Bill banning drivers from holding cellphones advances
COLUMBIA, S.C. (AP) — A bill banning drivers in South Carolina from holding cellphones in their hands passed its first hurdle.
The proposal would fine drivers $200 for using a cellphone or other electronic device in their hands. Drivers could talk on the phone with a hands-free device or use the GPS app on their phone or other electronic device as long as they entered their destination before driving.
South Carolina has banned texting while driving since 2014, but the sponsor of the new proposal, Republican Rep. Bill Taylor of Aiken, said the law is weak because the fine is just $25 and police often can’t write a ticket because a texting driver can say they were just making a call or using their GPS.
A House subcommittee approved the bill Tuesday, sending it on to the House Education and Public Works Committee.
State officials don’t know exactly how many wrecks or traffic deaths are caused by texting. But at Tuesday’s hearing, the state Department of Public Safety estimated that 62 of the 1,015 people killed on South Carolina roads were in wrecks caused by distracted driving.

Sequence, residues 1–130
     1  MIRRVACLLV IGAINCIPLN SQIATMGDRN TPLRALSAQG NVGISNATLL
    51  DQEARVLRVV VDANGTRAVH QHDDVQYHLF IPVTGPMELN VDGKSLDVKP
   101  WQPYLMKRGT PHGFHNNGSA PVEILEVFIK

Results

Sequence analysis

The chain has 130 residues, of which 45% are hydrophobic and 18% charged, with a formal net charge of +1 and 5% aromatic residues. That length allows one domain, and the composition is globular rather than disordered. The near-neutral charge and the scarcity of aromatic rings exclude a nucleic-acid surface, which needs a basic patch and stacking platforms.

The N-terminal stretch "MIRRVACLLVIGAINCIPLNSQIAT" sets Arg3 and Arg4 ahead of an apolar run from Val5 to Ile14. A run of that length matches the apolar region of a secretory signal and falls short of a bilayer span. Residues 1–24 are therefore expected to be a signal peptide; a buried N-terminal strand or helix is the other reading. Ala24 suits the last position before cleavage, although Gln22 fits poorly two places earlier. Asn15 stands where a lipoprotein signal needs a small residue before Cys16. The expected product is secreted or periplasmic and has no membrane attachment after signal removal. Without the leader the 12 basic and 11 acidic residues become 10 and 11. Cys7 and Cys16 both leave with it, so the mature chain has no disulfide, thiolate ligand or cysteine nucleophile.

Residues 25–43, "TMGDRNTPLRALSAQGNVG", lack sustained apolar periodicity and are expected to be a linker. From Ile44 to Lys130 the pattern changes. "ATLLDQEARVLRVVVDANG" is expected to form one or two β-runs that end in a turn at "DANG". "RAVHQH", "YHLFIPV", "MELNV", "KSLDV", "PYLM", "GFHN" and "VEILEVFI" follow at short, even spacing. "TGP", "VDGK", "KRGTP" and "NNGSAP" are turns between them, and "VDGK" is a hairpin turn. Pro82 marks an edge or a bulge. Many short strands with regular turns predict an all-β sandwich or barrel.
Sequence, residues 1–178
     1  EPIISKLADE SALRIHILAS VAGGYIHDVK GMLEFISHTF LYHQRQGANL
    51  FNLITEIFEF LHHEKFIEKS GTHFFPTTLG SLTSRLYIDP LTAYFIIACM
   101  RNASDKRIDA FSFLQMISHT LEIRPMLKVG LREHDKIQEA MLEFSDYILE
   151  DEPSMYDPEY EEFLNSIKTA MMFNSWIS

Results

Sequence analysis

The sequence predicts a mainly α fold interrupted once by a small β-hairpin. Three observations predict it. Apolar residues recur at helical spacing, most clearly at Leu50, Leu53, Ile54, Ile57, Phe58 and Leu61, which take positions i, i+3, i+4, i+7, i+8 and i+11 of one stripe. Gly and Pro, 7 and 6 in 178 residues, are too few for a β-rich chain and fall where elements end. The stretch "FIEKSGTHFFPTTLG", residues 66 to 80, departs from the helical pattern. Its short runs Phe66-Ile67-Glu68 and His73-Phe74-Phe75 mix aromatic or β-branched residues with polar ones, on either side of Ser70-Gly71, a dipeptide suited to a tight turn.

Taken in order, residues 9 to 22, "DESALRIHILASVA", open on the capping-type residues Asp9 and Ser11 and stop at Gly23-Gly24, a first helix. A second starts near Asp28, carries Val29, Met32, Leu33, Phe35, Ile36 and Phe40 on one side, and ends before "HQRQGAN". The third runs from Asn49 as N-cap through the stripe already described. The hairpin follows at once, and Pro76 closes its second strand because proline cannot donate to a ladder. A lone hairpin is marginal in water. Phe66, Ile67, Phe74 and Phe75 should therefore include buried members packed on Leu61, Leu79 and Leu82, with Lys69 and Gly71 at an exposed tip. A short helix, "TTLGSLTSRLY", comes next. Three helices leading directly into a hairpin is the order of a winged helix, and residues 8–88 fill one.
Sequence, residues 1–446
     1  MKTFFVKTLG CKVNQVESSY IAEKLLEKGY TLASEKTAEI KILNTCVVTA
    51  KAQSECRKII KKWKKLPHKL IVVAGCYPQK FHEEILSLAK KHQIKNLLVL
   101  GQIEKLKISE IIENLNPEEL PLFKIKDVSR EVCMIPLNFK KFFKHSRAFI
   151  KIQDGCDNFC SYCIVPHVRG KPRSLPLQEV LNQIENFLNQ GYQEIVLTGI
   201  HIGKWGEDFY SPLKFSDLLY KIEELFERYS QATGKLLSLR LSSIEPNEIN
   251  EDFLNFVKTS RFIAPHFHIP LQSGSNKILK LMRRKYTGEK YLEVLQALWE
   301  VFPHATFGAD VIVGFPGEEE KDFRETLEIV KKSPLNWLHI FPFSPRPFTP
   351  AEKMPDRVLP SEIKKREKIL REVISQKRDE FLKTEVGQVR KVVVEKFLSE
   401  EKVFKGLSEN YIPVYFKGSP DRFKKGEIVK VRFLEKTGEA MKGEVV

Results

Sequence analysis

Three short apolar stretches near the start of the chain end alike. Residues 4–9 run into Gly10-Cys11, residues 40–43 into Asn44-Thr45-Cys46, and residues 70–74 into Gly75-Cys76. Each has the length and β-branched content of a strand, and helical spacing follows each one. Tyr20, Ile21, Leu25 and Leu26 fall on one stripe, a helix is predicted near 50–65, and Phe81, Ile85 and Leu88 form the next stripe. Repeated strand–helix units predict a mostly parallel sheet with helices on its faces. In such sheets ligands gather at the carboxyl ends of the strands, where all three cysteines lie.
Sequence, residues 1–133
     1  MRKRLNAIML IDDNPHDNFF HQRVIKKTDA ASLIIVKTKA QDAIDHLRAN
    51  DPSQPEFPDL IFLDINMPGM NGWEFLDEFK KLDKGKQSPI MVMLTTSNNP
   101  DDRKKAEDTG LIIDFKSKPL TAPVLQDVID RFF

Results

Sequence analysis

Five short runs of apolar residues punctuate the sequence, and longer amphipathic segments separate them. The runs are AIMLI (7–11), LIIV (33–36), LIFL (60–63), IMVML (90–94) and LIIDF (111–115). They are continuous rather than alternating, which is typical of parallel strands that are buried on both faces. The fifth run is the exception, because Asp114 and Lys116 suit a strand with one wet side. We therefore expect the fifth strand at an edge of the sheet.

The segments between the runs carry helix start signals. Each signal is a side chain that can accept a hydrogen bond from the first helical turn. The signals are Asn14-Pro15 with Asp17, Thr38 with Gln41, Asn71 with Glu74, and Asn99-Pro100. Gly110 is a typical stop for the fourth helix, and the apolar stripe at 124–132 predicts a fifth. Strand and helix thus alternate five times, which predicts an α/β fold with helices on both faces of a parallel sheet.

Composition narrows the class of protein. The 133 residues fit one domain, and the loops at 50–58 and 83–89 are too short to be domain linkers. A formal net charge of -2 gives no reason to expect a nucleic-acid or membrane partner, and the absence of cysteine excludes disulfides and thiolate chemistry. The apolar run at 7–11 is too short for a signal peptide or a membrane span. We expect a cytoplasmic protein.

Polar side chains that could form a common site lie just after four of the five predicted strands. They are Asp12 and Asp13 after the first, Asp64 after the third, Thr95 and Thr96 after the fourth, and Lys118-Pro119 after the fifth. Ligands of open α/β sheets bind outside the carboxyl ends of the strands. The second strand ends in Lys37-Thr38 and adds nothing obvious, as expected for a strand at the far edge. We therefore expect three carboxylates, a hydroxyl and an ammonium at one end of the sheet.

State Department of Insurance Director Ray Farmer said it is likely the small penalties and loopholes in the state’s texting law are part of a 10 percent increase in auto insurance premiums in recent years.
“We’re not very good drivers in our state,” Farmer said. “We need to learn to put the phone down.”
At least 16 states have banned drivers from holding cellphones, including Georgia, where Republican state Rep. John Carson sponsored that state’s ban on holding cellphones last year. Thirteen of the states that have similar bans reported at least a 16 percent decrease in traffic fatalities after the ban was passed, Carson said.
A previous version of this report incorrectly said the subcommittee passed the bill Wednesday.